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These days it’s popular to hate on the pre-order; in fact I believe House Biscuit has chosen “We do not Pre-Order” as the official words of their house. That said, I’d be remiss to not drop a flying elbow on this dead horse and see if I can get a few kicks in before it becomes sad.

Pre-Orders have been criticized harshly for good reason, the general consensus being that the rewards for pre-ordering don’t justify paying for a game long before you know if it is any good. I think we can go farther, because while there were reasons to pre-order years ago, those incentives have dried up, leaving a pointless practice behind.

Pre-ordering a game does two things for the customer;

It guarantees your copy of the game will be in the store on launch day.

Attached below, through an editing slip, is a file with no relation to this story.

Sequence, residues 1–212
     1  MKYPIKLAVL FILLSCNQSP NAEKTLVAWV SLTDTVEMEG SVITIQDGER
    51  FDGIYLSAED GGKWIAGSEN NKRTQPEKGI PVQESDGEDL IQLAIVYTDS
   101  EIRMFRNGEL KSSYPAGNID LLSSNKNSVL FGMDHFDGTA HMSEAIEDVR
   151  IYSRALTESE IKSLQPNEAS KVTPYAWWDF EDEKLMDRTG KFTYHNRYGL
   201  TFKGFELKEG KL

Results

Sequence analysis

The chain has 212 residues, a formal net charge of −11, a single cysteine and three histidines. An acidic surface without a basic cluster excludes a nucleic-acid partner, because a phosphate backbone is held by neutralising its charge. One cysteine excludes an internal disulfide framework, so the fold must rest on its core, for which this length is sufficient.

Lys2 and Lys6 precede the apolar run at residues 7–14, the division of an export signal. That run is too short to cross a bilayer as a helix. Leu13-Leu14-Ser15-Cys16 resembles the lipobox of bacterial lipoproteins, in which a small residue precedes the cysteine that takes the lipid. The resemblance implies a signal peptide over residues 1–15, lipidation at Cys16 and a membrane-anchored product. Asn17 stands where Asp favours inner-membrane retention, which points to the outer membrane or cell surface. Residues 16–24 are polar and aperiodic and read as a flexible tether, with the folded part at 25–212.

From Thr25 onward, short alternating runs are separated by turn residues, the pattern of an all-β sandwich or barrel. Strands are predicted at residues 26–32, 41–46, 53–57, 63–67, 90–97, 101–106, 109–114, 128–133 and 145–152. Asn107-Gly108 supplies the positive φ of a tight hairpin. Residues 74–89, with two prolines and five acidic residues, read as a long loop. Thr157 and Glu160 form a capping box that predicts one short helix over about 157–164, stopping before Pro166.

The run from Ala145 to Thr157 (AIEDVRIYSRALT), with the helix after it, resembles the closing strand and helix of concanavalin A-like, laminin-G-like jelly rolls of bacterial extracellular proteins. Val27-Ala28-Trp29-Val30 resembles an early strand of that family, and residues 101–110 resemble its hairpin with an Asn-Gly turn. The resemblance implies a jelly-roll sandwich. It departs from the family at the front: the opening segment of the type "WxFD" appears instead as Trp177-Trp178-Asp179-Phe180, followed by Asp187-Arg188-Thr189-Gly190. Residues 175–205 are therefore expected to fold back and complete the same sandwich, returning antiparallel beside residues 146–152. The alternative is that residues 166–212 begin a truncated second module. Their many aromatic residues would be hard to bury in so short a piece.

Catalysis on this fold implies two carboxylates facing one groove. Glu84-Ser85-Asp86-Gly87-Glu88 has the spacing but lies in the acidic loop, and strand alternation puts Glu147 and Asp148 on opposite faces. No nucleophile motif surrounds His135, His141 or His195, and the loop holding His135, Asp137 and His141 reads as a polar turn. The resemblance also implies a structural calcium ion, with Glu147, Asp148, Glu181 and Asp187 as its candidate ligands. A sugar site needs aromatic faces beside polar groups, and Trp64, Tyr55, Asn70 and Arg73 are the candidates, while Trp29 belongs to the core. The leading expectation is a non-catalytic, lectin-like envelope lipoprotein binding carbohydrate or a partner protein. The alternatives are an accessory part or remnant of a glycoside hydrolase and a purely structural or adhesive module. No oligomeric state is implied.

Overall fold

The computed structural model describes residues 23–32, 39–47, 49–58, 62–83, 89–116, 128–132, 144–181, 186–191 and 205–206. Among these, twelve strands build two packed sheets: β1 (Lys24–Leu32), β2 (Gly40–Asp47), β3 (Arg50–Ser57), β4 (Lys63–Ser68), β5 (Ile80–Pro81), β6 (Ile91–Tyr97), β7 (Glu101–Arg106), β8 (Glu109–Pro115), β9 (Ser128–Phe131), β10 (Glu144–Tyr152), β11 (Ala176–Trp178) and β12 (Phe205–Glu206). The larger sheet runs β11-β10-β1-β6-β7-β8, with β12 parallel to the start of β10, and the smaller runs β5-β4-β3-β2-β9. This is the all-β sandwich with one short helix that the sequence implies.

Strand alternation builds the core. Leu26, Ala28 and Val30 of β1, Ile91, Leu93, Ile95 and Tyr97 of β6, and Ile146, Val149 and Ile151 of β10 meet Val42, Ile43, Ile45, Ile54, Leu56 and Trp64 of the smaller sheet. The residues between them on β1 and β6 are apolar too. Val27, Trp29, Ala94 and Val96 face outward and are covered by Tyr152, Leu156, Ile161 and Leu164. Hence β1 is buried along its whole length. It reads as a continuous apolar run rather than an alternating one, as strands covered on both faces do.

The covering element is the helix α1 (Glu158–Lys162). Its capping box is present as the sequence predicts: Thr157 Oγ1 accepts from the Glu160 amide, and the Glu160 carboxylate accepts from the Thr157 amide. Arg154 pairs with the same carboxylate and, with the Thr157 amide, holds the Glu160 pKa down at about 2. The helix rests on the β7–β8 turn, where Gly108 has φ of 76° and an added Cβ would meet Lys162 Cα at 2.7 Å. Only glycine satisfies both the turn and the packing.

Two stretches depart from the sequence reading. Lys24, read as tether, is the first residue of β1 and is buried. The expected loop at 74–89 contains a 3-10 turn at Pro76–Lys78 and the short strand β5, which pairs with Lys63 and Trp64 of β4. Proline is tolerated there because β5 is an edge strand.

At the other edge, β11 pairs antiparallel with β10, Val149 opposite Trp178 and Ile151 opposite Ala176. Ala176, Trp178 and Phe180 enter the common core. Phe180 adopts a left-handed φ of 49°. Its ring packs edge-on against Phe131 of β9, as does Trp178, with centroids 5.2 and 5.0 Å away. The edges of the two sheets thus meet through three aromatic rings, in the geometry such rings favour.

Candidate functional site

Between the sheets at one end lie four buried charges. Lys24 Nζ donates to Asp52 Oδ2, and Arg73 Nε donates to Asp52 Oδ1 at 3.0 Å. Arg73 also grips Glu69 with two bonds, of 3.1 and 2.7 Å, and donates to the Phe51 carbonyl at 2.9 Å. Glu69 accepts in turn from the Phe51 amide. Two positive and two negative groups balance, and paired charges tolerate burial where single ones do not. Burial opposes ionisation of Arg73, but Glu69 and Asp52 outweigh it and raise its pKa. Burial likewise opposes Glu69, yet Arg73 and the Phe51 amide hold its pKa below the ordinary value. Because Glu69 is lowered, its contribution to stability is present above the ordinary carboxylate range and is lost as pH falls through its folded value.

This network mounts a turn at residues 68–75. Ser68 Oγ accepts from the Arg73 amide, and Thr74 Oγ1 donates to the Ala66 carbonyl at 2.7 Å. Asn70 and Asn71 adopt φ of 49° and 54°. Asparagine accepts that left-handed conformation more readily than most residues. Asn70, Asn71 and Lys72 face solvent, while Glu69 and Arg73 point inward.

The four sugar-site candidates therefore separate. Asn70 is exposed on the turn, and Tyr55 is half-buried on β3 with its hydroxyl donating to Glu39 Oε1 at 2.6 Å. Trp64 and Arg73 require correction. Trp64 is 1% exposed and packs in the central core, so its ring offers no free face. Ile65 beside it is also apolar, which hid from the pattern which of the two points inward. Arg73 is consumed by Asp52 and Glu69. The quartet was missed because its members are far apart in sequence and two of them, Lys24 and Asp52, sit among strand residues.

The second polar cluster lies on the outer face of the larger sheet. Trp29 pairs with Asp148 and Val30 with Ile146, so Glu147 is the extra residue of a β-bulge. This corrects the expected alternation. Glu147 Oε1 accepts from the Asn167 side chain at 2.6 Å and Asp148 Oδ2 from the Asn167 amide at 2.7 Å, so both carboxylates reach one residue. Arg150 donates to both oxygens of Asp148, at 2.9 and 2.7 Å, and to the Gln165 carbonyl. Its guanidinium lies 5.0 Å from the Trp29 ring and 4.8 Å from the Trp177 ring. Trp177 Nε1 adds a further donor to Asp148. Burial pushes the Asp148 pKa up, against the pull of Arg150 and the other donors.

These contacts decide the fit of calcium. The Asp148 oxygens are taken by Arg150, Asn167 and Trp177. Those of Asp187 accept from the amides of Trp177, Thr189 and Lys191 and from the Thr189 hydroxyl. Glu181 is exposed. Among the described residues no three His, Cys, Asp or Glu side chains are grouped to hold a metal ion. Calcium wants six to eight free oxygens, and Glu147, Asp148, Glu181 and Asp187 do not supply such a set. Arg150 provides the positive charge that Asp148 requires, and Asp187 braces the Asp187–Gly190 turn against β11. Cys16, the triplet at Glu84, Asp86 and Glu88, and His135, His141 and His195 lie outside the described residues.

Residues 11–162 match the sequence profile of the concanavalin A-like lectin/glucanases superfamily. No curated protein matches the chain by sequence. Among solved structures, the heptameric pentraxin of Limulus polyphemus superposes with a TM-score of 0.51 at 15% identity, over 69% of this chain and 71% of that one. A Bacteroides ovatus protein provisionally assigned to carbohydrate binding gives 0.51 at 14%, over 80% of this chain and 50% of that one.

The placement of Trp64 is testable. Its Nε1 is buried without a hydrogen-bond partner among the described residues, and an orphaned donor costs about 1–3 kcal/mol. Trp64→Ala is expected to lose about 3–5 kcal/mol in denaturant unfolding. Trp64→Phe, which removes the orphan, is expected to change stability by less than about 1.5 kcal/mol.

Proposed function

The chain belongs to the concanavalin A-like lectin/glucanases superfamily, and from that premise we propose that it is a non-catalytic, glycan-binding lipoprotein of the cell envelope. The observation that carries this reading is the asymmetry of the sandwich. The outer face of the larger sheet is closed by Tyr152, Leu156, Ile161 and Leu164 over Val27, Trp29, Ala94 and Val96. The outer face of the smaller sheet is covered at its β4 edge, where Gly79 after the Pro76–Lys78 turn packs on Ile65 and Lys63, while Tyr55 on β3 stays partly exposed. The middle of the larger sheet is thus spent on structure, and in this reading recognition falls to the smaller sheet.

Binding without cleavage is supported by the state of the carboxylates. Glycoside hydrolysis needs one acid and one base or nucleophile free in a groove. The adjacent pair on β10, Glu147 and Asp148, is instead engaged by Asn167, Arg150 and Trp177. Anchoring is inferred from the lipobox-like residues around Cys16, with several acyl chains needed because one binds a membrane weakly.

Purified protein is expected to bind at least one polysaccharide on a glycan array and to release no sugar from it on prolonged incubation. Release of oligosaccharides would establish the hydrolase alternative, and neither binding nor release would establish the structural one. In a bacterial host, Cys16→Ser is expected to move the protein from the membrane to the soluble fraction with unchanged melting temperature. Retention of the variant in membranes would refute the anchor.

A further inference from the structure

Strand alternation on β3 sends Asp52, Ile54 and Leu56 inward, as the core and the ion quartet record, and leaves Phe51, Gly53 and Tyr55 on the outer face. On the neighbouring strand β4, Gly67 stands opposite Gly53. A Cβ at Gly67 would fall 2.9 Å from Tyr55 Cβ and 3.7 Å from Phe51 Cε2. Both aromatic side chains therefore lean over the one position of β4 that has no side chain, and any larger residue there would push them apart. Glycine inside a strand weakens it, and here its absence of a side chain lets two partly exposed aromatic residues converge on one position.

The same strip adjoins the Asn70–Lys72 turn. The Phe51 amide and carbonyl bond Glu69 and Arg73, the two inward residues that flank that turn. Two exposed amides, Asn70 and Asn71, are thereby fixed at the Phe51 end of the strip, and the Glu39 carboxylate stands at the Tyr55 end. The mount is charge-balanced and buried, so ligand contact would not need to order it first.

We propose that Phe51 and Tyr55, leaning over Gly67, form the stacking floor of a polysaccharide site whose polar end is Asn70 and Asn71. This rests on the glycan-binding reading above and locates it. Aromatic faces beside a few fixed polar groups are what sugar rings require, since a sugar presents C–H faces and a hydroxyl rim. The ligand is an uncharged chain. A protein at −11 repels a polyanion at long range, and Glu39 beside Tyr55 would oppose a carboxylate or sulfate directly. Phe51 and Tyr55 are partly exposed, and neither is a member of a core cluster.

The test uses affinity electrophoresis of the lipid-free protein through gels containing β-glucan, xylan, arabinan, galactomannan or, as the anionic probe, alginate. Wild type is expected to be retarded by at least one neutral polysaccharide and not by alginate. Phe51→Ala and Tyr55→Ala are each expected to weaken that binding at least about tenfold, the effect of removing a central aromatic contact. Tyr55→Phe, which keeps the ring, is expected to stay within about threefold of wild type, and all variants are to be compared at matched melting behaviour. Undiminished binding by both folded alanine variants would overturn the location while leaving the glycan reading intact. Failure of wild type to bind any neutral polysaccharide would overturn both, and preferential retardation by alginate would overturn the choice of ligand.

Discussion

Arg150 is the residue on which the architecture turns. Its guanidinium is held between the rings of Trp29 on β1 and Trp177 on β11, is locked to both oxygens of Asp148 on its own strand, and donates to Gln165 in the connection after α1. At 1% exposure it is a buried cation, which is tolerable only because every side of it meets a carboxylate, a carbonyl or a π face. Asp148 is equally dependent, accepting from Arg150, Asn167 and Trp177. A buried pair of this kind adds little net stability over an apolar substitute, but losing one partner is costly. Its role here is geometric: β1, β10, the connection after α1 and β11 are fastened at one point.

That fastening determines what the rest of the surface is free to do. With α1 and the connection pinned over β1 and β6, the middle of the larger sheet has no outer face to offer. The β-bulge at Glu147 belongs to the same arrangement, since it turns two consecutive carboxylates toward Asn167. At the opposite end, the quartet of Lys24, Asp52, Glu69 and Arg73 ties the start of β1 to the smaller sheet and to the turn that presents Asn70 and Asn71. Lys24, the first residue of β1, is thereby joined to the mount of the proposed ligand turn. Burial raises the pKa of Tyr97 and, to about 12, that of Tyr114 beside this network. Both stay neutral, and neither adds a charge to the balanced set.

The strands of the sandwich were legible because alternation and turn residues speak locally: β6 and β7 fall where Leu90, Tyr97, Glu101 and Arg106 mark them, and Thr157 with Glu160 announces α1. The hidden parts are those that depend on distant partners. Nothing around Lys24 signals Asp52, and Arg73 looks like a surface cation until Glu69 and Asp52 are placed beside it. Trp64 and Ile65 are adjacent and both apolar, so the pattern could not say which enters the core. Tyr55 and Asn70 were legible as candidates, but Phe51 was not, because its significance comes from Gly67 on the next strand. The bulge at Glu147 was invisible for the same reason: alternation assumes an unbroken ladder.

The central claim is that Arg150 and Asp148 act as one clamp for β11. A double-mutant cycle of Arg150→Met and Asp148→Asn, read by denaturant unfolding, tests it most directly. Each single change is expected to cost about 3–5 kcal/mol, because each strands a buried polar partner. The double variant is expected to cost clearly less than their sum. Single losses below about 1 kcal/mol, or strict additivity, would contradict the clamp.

For some, the guarantee of their copy is important to play a huge game like Call of Duty or Halo immediately after the midnight launch, or others just want to know for sure when they go to purchase the store will have it in stock.


Provides a bonus to the consumer.

These bonuses can be anything, a Halo lanyard or key chain, an extra in-game skin or weapon, bonus missions that would otherwise be DLC (or will be in the future) or your bog standard Horse Armor-style pre-order incentive.


Both of those ideas sound logical on paper, but they have both become outdated by the way gaming works in 2015.